By Umar Nsubuga
Farmers in Kasawo village Mpologoma sub-county, Luwero district have started growing green peppers on a commercial scale. Most of the residents of Kiyunga, Kitata and Mityebiri villages have started the new crop with a lot of enthusiasm.
Godfrey Lugoba and David Ecude of Kiyunga village are some of the farmers who are earning from growing green pepper.
According to Lugoba, they have planted an acre of green peppers which are looking very healthy.
“We earned sh1m from last year’s harvest and we hope to double that this season because our green peppers look exceptionally good”, predicated Lugoba, when Harvest Money visited their farm.
According to Lugoba, green peppers are easy to grow, provided you regularly spray them against pests. They can be grown three times a year, giving a farmer a good income.
Green peppers require a lot of water that is why they are commonly grown in swampy areas. If spaced well, an acre can take as many as 100 bags.
“Last year we planted an acre and we harvested four pick-up trucks”, reveals Ecude. A 50kg goes for sh25,000 and sh30,000 in Gayaza and Kalerwe markets.
In Mpererewe and Kalerwe Markets, a kilogram of green papers is at sh5, 000 while 5-6 medium sized green peppers are at sh3, 000.
Along Nakasero Street, 5 to 6 green peppers are sold at sh2, 000.
“Our crops are regularly up rooted by thieves because there is no fence around the farm”, laments Ecude, adding that the green pepper, just like most vegetables need regular spraying to protect them from pests. This is expensive, especially during the rainy season.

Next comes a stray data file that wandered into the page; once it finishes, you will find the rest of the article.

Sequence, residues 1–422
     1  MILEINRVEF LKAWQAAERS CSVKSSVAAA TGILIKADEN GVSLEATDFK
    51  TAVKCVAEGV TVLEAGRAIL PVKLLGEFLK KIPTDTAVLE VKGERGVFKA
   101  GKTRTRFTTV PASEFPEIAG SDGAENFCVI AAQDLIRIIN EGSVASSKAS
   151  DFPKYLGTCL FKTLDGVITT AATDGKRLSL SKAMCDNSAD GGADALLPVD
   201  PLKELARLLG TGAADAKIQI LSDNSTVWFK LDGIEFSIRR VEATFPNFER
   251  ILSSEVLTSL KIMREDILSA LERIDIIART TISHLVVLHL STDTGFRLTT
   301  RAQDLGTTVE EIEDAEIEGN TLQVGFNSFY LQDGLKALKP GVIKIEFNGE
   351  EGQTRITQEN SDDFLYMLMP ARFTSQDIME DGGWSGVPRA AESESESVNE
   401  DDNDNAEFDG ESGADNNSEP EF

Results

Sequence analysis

“These green peppers need continuous spraying to keep them healthy. Pesticides are expensive and yet when we do not spray, especially in the wet season, they are attacked by pests”, Ecude, explains.
The farmers say they are sometimes cheated by traders who offer them very low prices. They prefer selling their green peppers directly to consumers in Luwero town and nearby trading centres because the price is better, selling at between sh100 and sh150 each. But when they sell at whole sale to traders, the price is ridiculously low.
“So every evening we load about a bag 50kg on our bicycles and take them to either Zirobwe town or Busiika markets”, Ecude says.
Transport is the other challenge facing the budding green pepper farmers. However, they have come up with a plan to solve it. “We plan to pool resources and buy a pick-up truck to transport our produce directly to the market”, reveals Lugoba.
They also plan to diversify into other activities like growing onions, tomatoes and sweet potatoes so that when green peppers are doing poorly on the market, they will still have something to sustain them.